The COVID 19 Pandemic: College Adolescents’ Perception on School Reopening in Nigeria

  •  Awoere T. Chinawa    
  •  Josephat M Chinawa    
  •  Edmund N Ossai    
  •  Ann E Aronu    
  •  Vivian O Onukwuli    


BACKGROUND: Several colleges were closed in the wake of the COVID-19 pandemic. However, it is not clear if school closure has curbed the incidence of the infection.

OBJECTIVES: This study aimed to determine the perception of adolescent college students on school reopening and associated factors.

METHODOLOGY: This was a school-based cross-sectional study. A two-stage sampling technique was used to select five hundred adolescent college students from six secondary schools in the Enugu metropolis, Nigeria. Data were analysed with IBM Statistical Package for Social Sciences (SPSS) statistical software version 25.

RESULTS: The mean age of the students was 15.1±1.7 years and the majority, 56.4% were females. A higher proportion of the respondents, 78.0% were willing to return to school. For those not willing to return to school, the major reason was the preference for homestay until the pandemic is over, 57.3%. The majority of the students, 67.6% had their learning improved during the pandemic. More than half of the students, 65.0% had online classes during the pandemic. Predictors of willingness to return to school amidst the COVID-19 pandemic included being a male student, (AOR=0.304, 95%CI: 0.189-0.489), and being from a family of high socio-economic class, (AOR=0.363, 95%CI: 0.154- 0.855).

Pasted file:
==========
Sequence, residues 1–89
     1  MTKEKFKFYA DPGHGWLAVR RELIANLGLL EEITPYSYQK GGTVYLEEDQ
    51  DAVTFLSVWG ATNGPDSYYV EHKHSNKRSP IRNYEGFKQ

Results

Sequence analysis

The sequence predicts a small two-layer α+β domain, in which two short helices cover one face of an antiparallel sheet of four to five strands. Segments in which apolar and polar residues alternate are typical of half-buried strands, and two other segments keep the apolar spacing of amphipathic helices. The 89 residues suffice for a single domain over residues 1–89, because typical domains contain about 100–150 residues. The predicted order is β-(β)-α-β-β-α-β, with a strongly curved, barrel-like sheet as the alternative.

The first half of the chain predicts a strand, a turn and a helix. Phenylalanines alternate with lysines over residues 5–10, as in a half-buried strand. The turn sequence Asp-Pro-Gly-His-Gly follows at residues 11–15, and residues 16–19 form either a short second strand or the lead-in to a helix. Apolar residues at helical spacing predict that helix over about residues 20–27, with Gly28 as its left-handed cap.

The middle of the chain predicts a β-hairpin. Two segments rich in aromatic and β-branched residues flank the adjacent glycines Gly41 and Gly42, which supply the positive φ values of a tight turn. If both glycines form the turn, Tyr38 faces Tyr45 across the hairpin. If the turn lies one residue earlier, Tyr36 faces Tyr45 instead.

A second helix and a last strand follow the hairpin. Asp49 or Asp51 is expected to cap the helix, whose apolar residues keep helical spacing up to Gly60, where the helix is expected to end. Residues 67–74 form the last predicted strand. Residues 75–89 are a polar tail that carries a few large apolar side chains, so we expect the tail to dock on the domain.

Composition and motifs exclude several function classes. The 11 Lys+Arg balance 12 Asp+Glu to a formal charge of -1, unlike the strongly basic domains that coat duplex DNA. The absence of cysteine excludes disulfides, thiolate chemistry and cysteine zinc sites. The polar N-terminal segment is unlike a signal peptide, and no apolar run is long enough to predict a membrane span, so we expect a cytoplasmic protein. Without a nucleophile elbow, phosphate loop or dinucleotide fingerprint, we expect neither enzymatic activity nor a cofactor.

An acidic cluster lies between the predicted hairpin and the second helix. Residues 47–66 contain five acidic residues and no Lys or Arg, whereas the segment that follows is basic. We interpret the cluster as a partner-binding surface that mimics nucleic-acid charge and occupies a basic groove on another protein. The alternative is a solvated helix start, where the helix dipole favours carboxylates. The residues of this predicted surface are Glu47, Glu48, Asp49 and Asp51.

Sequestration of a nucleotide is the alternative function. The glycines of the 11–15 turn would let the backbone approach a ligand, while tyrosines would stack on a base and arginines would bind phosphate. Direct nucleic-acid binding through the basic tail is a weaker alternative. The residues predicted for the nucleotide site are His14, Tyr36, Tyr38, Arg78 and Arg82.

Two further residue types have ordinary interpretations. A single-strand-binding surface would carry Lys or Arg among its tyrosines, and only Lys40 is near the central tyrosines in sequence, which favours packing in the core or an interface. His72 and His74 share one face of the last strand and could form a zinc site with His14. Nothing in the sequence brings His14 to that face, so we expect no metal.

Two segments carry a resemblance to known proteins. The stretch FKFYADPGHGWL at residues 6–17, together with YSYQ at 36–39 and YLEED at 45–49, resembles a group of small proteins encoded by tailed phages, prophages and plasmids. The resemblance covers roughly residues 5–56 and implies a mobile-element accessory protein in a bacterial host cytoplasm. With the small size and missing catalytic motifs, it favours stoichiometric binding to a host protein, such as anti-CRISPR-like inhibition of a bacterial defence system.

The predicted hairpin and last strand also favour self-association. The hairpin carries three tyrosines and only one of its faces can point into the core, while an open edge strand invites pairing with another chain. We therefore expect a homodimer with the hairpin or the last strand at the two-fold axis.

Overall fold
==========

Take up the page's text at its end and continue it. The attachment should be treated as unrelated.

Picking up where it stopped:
CONCLUSION: Closure of schools should be revisited, with enforcement of all preventive measures. Alternative methods for education such as e-learning seem to create a divide between the rich and the poor. It is therefore pertinent to develop a bridging plan to fill the gap created by this divide.

This work is licensed under a Creative Commons Attribution 4.0 License.
  • ISSN(Print): 1927-0526
  • ISSN(Online): 1927-0534
  • Started: 2011
  • Frequency: semiannual

Journal Metrics

(The data was calculated based on Google Scholar Citations)

1. Google-based Impact Factor (2021): 1.11
2. h-index (December 2021): 29
3. i10-index (December 2021): 87
4. h5-index (December 2021): N/A
5. h5-median (December 2021): N/A